Neither does the legislative history of § 501(c)(5) and other relevant tax statutes provide the Court much help in determining a useful definition of labor organizations for purposes of applying § 501(c)(5). Congress first exempted labor organizations from the general corporate tax levied by the Tariff Act of 1909. Tariff Act of 1909, ch. 6, § 38, 36 Stat. 113. The phrase "labor organization" was included in the bill sent to the Senate Finance Committee, but the bill emerged from committee without it. 44 Cong. Rec. 4148 (1909). The committee found the phrase to be unnecessary, because labor organizations were believed to be covered by the wording "fraternal beneficiary societies, ... operating under the lodge system and providing for the payment of life, sick, accident, and other benefits." 44 Cong. Rec. at 4148-49.
Several labor unions, however, were concerned that the existing "beneficiary societies" language did not cover them since they did not provide life, sick, accident, and other benefits to their members. See e.g., 44 Cong. Rec. at 4154 (concern of the Brotherhood of Local Firemen that their organization would not be exempt). The phrase "labor organization" consequently was added to the statute to cover organizations that do not "make such provisions, and are not organized for those purposes." 44 Cong. Rec. at 4155. When the first income tax was instituted in 1913 under the Sixteenth Amendment, the phrase "labor organizations" was included with exempt entities. Tariff Act of 1913, ch. 16, § 11(G), 38 Stat. 172. This language has remained unchanged in every major revision since that time. See J. Thomas Nolan, Can a pension Plan be a Labor Organization, 47 Tax Law. 501, 512 n.20.
While far from determinative, this legislative history provides no support for the Fund's claim that the phrase "labor organization" encompasses a pension fund that exists only to provide retirement benefits for its members. In fact, the legislative history shows that the term "labor organizations" was added to the 1909 Tariff Act to cover entities that did not provide monetary benefits, but served other functions concerning the welfare of workers. The drafters more likely found that the provision of monetary benefits was not a defining function of a labor organization, but, rather, was an activity engaged in by some labor organizations and not by others. On the other hand, the legislative history equally fails to prove that an association which only provides monetary benefits to its members cannot be a tax-exempt labor organization. The legislative history thus provides little help in defining "labor organizations."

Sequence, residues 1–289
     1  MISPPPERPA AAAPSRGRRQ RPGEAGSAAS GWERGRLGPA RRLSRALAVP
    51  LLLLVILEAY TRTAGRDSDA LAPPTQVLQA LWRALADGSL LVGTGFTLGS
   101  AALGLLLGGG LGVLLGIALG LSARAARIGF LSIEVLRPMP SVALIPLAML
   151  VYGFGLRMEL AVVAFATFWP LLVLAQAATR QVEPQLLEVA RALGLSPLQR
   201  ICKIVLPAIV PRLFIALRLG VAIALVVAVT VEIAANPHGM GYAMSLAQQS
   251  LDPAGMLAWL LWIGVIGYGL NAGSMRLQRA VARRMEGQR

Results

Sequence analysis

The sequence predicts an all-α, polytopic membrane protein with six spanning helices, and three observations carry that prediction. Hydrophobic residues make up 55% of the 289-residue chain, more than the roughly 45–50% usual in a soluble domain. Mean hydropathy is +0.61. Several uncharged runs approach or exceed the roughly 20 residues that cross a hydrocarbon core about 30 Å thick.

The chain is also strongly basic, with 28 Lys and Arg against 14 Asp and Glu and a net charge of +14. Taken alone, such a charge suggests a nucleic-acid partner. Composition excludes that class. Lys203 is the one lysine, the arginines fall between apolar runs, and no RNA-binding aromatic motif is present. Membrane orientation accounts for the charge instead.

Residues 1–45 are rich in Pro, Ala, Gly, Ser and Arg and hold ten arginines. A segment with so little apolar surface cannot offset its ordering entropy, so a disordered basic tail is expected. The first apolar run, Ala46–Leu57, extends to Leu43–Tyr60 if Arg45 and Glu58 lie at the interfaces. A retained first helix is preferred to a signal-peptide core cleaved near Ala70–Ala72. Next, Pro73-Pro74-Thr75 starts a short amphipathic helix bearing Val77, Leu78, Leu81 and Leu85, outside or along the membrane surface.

B. The Regulation Promulgated by the IRS Under § 501(c)(5) Does Not Support the Plaintiff's Claim That it is a Tax-exempt Labor Organization.
The regulation promulgated by the IRS under this statute provides a brief description of a labor organization. It states:
The organizations contemplated by section 501(c)(5) as entitled to exemption from income taxation are those which:
(1) Have no net earnings inuring to the benefit of any member, and
(2) Have as their objects the betterment of conditions of those engaged in such pursuits, the improvement of the grade of their products, and the development of a higher degree of efficiency in their respective occupations.
Treas. Reg. § 1.501(c)(5)-1(a). While traditional labor unions clearly fall within this definition, it much less clear which nonunion entities constitute labor organizations under this regulation.
In this case, the "inurement" requirement of paragraph (1) is satisfied by the Fund because payments do not discriminate between similarly situated employees.
The Court concludes, however, that the plaintiff has not shown that it meets the requirements of paragraph (2) of the regulation. The clauses within paragraph (2) are connected by an "and," which instructs that all three characteristics must be true of an organization in order to be found as a labor organization.
While the Fund, in providing retirement benefits, has as its object the betterment of the conditions of the employees, it does not have as its object the improvement of the grade of their products, nor the development of a higher degree of efficiency. In fact, the Fund has no authority to represent employees in the collective bargaining process, but, rather, has the limited authority to invest and manage the available funds to ensure the solvency of the pension fund, and to pay benefits to its members according to the rules governing it. Therefore, the regulation, on its face, excludes the Fund from classification as a tax-exempt labor organization.
C. The Court Declines to Follow Case Law Supporting the Plaintiff's Claim That It Qualifies as a Tax-exempt Labor Organization.
The plaintiff asserts that the decisions in two analogous cases support its claim that it is a tax-exempt labor organization. The first decision is Morganbesser v. United States, 984 F.2d 560 (2d Cir. 1993). The second decision is a Report and Recommendation of United States Magistrate Judge Karol in the pending case, Tupper v. United States, 1996 U.S. Dist. LEXIS 15806 (D. Mass. 1996). Because the Report and Recommendation in Tupper faithfully adopts the analysis in Morganbesser and, as a pending Report and Recommendation, is considerably less persuasive authority, the Court will only examine the decision in Morganbesser in evaluating the plaintiff's argument.
1. The Morganbesser decision.
In Morganbesser, the United States Court of Appeals for the Second Circuit held that a local union's pension trust qualified as a tax-exempt labor organization under § 501(c)(5). Id. at 561. The pension plan was established in 1958 as a result of a collective bargaining agreement between the union and a number of construction firms and was funded solely by employers. Id. at 561-62. Before ERISA was enacted, the trust was granted an exemption by the IRS as a qualified pension plan. Although it made various amendments between 1976 and 1984, it never requested another determination letter from the IRS until 1984, at which time the IRS determined that the trust did not meet certain ERISA requirements and, therefore, was not qualified for the 1983 tax year. The trust counterargued that even if the trust was not tax-qualified under the ERISA provisions of the Tax Code, it should be tax-exempt as a "labor organization" under § 501(c)(5).